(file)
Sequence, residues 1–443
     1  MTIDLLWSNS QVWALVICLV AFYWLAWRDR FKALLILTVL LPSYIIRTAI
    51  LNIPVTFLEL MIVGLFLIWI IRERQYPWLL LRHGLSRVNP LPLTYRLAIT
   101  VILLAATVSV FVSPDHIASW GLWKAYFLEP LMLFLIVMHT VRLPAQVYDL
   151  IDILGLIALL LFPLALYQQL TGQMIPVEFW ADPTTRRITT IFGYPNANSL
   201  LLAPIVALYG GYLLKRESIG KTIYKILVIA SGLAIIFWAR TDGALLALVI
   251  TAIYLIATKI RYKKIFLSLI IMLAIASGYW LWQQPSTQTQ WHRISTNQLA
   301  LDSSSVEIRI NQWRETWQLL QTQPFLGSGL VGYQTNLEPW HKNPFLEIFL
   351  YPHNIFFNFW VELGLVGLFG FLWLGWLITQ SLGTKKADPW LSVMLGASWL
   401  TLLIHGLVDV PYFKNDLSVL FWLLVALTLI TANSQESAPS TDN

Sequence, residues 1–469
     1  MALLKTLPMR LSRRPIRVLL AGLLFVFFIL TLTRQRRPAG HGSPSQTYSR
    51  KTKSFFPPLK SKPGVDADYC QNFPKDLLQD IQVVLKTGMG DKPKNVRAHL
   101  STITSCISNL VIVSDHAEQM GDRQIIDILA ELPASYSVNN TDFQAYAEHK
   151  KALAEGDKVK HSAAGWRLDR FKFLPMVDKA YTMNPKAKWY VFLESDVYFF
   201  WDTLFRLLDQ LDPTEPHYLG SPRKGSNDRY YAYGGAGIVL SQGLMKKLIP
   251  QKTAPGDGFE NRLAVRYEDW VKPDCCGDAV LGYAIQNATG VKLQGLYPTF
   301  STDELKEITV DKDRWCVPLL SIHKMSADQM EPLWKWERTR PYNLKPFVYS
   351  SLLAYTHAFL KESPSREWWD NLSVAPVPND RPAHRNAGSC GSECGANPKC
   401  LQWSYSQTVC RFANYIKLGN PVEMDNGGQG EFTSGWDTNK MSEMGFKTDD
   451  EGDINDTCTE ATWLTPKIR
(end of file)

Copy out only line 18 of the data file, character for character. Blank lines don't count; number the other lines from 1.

   301  STDELKEITV DKDRWCVPLL SIHKMSADQM EPLWKWERTR PYNLKPFVYS